The short is animated in a style that will be familiar to fans of Firth’s previous works, but it has taken on a starkly realistic quality, utilizing actual faces, natural textures and drab yet shocking color to truly drive home an atmosphere of strange normalcy. We are first introduced to a new miracle product, a cream, branded as Cream, that appears to be limitless in it’s uses. Cream cures acne, it can cure all ailments major and minor, it can regrow your lawn, it can even (when injected directly into the brain) increase your I.Q.

Our main character, Dr. Bellifer, has struck gold and watches as his invention soars in popularity and cosmic power. There is no stopping Cream. Cream becomes so much more than was originally intended, much to the chagrin of the good doctor. Go on and see for yourself what horrible wonders Cream can commit.

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David Firth is a master of his craft, distorting reality with enough finesse to disturb yet equally draw one into his underlying message. Though the meaning may seem as clear as the blemish on one’s face (there’s a Cream for that.), we are privy to a multi-layered commentary on consumption, medicine, advertising, the ever present menace that can be the media and even our own personal connection to the world outside. Whether intended or not, Firth has command of imagery and dialogue, that when married together generates the reflective surface we so often forget to peer into when making purchases, large and small decisions and most importantly what we put our trust and faith into. Who can we truly say has our best interest at heart?

There is much to be gleaned from this twelve minute meditation on the human condition and how each of us can be manipulated into any reaction given the right circumstance, only to be led back into the fold for another go around.

I can only hope we will see more from Mr. Firth in the very near future, as he continues to terrify, sicken and delight me in good measure.

You can watch ‘Cream’ and many of his other polarizing projects on David’s YouTube Channel here: http://bit.ly/2rVrnRQ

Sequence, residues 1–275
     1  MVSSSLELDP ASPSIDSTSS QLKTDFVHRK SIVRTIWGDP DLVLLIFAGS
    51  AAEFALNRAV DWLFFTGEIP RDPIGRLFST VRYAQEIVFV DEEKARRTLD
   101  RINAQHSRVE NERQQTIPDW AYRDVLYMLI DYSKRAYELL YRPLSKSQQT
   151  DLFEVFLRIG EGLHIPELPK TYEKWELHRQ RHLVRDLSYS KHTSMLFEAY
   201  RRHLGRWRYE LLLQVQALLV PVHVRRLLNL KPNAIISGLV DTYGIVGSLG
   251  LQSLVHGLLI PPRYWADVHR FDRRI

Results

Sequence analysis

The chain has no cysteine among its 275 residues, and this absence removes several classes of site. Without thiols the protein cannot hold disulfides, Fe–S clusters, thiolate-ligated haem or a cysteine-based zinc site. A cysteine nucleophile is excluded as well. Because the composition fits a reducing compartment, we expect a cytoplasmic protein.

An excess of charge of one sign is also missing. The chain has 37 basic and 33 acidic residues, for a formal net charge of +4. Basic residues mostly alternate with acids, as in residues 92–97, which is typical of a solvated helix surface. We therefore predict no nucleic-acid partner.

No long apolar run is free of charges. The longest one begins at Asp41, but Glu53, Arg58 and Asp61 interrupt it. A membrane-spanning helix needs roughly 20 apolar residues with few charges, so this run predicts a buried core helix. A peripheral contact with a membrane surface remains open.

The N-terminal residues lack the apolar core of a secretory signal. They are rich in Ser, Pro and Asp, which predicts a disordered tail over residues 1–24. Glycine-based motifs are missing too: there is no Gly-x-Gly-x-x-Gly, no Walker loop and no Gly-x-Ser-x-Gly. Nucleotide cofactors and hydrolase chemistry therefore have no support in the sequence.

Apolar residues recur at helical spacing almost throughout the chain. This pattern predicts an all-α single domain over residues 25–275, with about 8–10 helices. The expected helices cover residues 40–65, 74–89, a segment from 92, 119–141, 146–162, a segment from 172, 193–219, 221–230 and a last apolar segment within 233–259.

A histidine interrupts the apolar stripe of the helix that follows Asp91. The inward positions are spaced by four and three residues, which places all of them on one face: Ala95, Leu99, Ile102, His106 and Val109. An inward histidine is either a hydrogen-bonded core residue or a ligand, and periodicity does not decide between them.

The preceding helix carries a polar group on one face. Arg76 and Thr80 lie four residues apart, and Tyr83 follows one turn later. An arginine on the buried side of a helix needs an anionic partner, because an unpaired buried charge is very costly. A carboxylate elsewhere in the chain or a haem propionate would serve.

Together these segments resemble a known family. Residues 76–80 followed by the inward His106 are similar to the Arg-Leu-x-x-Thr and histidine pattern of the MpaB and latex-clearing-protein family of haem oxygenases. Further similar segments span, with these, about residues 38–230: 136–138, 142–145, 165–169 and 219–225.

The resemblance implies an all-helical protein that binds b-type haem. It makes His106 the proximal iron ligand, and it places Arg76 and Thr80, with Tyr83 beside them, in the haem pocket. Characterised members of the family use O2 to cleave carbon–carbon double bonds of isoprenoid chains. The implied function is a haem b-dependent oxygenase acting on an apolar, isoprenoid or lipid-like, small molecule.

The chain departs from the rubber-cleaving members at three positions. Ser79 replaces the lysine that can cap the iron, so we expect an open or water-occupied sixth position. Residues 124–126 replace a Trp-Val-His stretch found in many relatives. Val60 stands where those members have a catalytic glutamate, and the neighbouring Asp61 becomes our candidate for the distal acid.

Scream: the tv series: Slick as Stabbing Teens In a Horror Show

by Anthony Wetmore (@TheMisterPipes, GhostConch)

MTV has made another stab at horror drama with a new take on
a horror classic. Scream: the tv series penned by Jill Blotvogel, starring Bex Taylor-Klaus (Arrow, The Killing), Willa Fitzgerald (Royal Pains), and Tracy Middendorf (Lost, Boardwalk Empire) promises to
deliver exasperated groans and genuine chills in the show’s first season. 

The
pilot episode delivers on stylized, updated nostalgia. Gone are the ringing phones
and playful inquisitions, this time the fear comes from all sides of media,
social or otherwise. “What’s your favorite scary movie?” becomes a revealing
video gone viral or a threatening text. The warmth of updated nostalgia is kindled
again in the character of Noah Foster (played by John Karna) a computer genius
with a wide swath of knowledge concerning the “rules” of horror-drama
television. 

Treats like this may draw older fans into an otherwise modern retelling of the Brandon James mythology at a deliciously slower pace, hopefully pulling it into darker depths than the usual suspect; consistent camp while simultaneously dragging in a younger fanbase. Peppered with enough twisting high school relationships, some blood, more than a few dashes of self-awareness and a smooth soundtrack, Scream: the tv series has put forth a promising first venture into terrorizing teen drama television.

(PHOTO SOURCE: MTV [www.mtv.com])